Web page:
#iwill Week | Astrud Turner
Astrud is committed to helping young people get involved in social action. Here she talks about the positive impact young people can make in their community and the skills they can learn along the way.
As an #iwill ambassador, what do you do?
As an ambassador I promote youth social action within my community and talk about the objectives of the #iwill campaign. This means I get to take part in social action projects and help other young people to get involved.
I regularly talk about the subject in public. For example, I was invited to speak to students at a training day in Barrow In Furness about how to run a community impact project in their society.
You are also a part of The Scout Association’s Community Impact Group. What does your role involve?
I worked with the team to develop the A Million Hands initiative and helped to create the resources that are being downloaded and used by Scout Groups.
For people who are not in the social action space, understanding the term can be difficult. How do you define social action?
I would define social action as an activity which makes a positive impact in the community.
Here’s a good example of this; I once came across a project that aimed to tackle the cultural differences in the local area. To do this a group of young people organised an event where people from the local community ran stalls that reflected their cultural background. The event created a fun environment that encouraged tolerance, cohesion and cultural understanding within the community.
Can social action really change communities?
I think social action projects are good for increasing understanding and awareness about social issues. Take, for example, mental health; a project that deals with this issue can provide a network of support for people who have mental health difficulties. This support can genuinely change their life.
Have you taken part in projects recently?
Before I left for university I was involved in a mental health project with my Explorer Unit. We decided to increase mental health awareness amongst the children in our local area. At the start of the project we underwent training about the issue. Using all that we had learned, we designed lesson plans, which we taught in our local Primary Schools. The project so far has been a success and the team is hoping to expand on it.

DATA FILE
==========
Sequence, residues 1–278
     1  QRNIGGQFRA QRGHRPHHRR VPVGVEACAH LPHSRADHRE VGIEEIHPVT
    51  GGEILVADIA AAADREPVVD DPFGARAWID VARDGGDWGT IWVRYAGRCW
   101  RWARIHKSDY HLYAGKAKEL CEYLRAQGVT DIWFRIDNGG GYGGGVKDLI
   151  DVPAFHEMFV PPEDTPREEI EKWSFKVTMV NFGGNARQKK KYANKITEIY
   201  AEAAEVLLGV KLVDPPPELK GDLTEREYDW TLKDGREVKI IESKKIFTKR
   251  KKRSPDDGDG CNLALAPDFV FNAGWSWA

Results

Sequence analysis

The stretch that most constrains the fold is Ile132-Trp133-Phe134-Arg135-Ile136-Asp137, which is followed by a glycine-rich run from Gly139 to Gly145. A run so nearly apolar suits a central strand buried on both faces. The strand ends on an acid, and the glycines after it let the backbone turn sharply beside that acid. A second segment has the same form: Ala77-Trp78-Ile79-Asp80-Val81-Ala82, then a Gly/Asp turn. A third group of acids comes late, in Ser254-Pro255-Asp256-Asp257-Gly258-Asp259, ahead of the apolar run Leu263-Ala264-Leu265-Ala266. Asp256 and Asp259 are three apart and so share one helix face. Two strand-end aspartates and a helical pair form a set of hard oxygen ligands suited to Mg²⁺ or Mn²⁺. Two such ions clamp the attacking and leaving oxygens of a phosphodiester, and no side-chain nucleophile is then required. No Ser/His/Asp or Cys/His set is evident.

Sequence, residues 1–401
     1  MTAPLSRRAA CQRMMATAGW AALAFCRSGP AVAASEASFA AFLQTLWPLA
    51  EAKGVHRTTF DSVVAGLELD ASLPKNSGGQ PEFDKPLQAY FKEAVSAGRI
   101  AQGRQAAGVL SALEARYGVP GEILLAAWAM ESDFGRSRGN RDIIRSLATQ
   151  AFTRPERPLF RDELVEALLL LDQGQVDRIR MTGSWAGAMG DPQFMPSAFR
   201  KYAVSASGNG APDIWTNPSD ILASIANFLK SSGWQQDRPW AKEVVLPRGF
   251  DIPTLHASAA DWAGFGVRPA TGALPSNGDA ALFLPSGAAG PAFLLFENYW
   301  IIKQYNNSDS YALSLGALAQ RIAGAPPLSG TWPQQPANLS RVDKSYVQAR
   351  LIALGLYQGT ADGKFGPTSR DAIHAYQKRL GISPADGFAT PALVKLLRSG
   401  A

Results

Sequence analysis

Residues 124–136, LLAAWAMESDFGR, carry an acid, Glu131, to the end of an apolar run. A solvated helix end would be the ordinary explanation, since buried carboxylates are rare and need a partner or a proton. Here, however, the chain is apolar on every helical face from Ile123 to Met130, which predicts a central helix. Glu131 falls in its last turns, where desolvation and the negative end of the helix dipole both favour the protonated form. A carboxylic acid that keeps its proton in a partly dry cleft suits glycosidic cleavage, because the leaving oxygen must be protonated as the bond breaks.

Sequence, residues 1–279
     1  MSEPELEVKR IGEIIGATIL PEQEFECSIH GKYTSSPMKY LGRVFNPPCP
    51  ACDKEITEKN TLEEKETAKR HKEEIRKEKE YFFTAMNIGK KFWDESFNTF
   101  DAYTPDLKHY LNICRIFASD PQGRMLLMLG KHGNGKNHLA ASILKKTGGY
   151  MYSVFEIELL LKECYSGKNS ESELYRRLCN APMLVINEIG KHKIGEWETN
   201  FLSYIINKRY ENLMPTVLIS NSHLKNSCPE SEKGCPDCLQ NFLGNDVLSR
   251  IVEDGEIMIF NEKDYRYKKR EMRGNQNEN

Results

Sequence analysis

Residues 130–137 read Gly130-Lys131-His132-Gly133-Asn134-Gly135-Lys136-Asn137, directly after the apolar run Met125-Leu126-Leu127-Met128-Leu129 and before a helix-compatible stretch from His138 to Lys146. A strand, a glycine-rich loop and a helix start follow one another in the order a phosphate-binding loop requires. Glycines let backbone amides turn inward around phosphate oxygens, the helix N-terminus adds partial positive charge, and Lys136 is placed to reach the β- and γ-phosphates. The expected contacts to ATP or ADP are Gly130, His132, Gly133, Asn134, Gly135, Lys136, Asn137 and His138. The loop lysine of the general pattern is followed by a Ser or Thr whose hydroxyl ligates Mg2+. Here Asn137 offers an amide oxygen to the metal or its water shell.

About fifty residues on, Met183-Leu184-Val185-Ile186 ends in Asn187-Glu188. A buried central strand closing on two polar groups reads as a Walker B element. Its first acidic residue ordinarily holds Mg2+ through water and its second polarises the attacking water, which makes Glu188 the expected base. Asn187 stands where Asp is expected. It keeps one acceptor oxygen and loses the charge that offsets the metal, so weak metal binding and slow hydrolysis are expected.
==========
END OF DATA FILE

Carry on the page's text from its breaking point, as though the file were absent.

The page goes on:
What advice would you share with a young person who wants to set up a project, but are unsure what to do?
A lot of the time projects start off between groups of friends who have similar ideas. Often people start social action clubs in their school where they come together and choose an issue to tackle. From there they host assemblies about their issue, which instantly raises awareness within their school. They can take it further by running smaller workshops at lunchtime.
How can adults help encourage young people to carry out social change in their area?
I think sometimes adults don’t realise that young people care about creating social change and that they also have amazing ideas to make those changes. Putting forward an idea can be scary and adults can help young people combat that fear by providing a space where their ideas can be shared.
What do you think are the big social issues young people should help to change?
The research we undertook for A Million Hands showed that mental health is one of the big issues for young people and is something they want to tackle.
#iwillweek sets out to celebrate the work young people are doing. Where do you see youth social action going?
At the moment one in four young people are involved in some form of social action. I can see this figure rising and an increasing amount of young people getting involved.
As employers begin to value volunteering as much as experience on an applicant’s CV, young people will take up social action projects a lot more. Doing social action projects gives young people transferable skills, but also the opportunity to create real impact in their area.
To find out how you can take action in your community, visit A Million Hands.